Washington State University wants to boost its status over the next dozen years by attracting more federal research dollars, diversifying its faculty and graduating more students on time.

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Washington State University wants to boost its on-time graduation rate, capture more federal research dollars and attract a more diverse faculty to its campuses as part of a broad mission to raise the university’s status.

The goal of the effort, called “Drive to 25,” is to make WSU one of the nation’s top 25 research universities by 2030.

WSU President Kirk Schulz, who has been in his job for less than a year, was scheduled to talk about the project Wednesday afternoon during his first “State of the University” address, but that speech was postponed because of bad weather. In an interview Tuesday, he explained why he wants to improve WSU’s standing.

He emphasized that the effort isn’t about the status of a higher ranking in the report put together by U.S. News & World Report. (WSU is 143rd.) Rather, he said, the idea is to see improvement in 11 separate measures the university has identified as important.

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WSU will assess its progress yearly on those measures, compare how it’s doing with the performance of other top universities, and use the results to shape future plans.

Among those measures: how many times WSU faculty are cited in research papers, the number of Ph.D. students it educates, the amount of money given to the university each year, and the percentage of undergraduates involved in research and other scholarly pursuits.

WSU also wants to improve its graduation rate, hire a more diverse faculty and snare more federal research dollars.

Schulz said WSU has done a good job of increasing the diversity of its undergraduate enrollment but hasn’t done as well when it comes to faculty.

While about 27 percent of WSU’s undergraduates are Hispanic, black, Asian or two or more races, the percentage of minority faculty members is in the single digits, he said.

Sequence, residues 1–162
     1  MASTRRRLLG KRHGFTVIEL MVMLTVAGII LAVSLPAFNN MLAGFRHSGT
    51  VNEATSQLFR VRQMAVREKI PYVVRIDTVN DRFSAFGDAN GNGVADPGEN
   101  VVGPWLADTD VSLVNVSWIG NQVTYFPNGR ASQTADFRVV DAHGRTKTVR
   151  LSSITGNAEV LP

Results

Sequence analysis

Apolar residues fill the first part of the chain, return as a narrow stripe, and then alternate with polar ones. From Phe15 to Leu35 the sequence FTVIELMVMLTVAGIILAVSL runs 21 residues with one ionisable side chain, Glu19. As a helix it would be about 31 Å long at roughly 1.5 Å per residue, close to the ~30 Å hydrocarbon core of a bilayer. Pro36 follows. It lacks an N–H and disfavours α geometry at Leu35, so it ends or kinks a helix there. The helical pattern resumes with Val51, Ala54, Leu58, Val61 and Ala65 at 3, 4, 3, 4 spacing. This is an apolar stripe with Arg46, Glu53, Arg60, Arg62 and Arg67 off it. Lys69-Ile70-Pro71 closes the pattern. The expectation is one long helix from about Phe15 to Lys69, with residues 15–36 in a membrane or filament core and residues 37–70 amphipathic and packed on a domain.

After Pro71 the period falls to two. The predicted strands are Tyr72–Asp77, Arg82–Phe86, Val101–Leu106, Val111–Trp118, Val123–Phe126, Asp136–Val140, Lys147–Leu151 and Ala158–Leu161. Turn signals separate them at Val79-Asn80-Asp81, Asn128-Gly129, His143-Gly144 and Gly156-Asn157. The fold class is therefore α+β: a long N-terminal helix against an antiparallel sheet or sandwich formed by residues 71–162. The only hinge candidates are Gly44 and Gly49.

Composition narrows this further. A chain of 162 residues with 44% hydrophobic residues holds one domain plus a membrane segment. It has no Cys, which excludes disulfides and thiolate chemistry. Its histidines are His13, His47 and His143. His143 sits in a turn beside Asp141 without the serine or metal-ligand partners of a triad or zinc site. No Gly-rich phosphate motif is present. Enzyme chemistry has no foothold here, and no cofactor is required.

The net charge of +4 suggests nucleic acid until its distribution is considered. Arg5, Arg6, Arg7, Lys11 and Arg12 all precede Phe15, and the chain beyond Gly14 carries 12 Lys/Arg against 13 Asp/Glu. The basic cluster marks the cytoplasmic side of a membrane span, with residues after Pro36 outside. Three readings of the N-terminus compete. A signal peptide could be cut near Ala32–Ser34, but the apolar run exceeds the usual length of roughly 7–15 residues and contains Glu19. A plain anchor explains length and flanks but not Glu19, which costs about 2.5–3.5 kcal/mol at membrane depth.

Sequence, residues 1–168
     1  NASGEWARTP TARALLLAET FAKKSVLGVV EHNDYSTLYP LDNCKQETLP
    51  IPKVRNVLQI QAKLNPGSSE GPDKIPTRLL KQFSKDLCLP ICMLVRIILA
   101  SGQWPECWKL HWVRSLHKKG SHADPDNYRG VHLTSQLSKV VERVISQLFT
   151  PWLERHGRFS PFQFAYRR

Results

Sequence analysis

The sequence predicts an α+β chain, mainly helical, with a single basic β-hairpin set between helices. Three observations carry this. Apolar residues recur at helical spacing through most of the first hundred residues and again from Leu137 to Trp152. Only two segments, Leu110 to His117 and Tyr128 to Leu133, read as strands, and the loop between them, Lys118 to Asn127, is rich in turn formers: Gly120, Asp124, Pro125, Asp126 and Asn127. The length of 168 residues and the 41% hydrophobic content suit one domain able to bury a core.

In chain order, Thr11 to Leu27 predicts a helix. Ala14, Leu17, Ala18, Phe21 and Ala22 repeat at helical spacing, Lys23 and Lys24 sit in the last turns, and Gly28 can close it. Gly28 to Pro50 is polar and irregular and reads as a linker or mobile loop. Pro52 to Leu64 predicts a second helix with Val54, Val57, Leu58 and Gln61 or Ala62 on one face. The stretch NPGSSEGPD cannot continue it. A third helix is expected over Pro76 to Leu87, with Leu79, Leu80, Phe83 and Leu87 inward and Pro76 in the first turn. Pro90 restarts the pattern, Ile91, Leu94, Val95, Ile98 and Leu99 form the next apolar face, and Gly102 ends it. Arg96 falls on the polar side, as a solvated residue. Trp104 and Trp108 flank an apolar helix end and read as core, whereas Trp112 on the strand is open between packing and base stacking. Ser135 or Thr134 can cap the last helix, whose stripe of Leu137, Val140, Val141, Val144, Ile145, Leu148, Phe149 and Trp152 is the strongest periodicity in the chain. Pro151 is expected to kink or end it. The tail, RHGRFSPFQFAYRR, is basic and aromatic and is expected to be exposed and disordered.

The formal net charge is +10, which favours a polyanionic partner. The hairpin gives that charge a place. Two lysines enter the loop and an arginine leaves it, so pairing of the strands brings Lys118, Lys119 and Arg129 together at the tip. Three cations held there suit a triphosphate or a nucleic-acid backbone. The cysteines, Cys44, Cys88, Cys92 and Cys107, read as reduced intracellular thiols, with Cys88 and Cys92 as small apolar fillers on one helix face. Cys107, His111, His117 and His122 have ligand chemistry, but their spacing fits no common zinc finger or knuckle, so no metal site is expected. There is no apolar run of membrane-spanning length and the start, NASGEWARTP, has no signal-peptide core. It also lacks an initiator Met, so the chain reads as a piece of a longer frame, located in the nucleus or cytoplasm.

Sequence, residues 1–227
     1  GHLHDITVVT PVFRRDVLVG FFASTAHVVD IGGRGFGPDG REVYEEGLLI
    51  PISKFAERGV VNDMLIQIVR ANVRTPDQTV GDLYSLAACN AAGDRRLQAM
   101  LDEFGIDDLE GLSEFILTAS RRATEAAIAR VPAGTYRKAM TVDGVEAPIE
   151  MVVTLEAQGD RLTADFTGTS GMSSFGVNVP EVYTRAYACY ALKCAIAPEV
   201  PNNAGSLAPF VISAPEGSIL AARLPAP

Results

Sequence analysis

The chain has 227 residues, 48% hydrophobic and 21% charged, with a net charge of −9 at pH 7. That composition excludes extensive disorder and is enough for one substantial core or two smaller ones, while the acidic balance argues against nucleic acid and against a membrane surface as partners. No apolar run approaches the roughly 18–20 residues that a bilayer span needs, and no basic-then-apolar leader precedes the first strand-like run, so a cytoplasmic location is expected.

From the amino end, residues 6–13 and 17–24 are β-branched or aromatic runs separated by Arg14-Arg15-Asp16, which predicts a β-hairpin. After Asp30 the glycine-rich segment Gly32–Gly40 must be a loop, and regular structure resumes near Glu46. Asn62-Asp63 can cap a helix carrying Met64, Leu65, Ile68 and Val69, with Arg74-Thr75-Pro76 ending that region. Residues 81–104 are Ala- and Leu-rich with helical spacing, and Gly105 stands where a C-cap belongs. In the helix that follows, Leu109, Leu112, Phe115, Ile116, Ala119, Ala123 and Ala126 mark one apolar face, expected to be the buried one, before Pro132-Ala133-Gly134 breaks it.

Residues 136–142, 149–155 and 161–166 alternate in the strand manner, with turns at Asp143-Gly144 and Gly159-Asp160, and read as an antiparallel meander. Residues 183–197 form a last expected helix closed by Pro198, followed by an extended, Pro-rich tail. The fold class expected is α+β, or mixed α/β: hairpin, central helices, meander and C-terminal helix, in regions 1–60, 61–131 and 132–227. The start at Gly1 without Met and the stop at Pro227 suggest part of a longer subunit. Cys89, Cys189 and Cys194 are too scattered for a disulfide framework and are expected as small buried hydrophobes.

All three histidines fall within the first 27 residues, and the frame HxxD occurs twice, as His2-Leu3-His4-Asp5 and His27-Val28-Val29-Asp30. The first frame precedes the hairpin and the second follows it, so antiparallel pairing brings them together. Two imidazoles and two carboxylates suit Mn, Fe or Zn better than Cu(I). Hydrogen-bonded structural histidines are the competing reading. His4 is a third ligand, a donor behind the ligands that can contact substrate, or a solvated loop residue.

According to the U.S. Department of Education, WSU’s six-year graduation rate is 66 percent. That’s above the national average of 42 percent but lower than some other public universities in Washington, including the University of Washington Seattle (83 percent) and Western Washington University (70 percent).

For undergraduates, the focus of “Drive to 25” will be on getting students to graduate on time, and once they do, helping them find a job or get admitted to graduate school within six months.

“It means we’re having conversations with our students right from Day One — what do you want to do, what do you want to accomplish?” Schulz said.

One model is now in use at WSU’s Carson College of Business, he said, which has created a “success center” where students can go to get academic help, assistance in career planning and aid in finding a job after graduation.

Schulz spent last week in China, where he was working with a consulting company that is going to help WSU recruit more international students. That is indirectly tied to the goal of raising the university’s stature because “we’re going to bring in students from around the world that are academically talented” to boost the overall academic profile of the university, Schulz said.

Having more international students may also make it easier to forge partnerships with international universities, which can in turn bring research dollars to the university, he said.

Schulz described the top-25 goal as a journey that will include a continuous focus on progress. He’ll also solicit ideas from faculty, staff, students and alumni. “We want to take the WSU family and engage them in this conversation — how are we going to raise our institutional profile?” he said.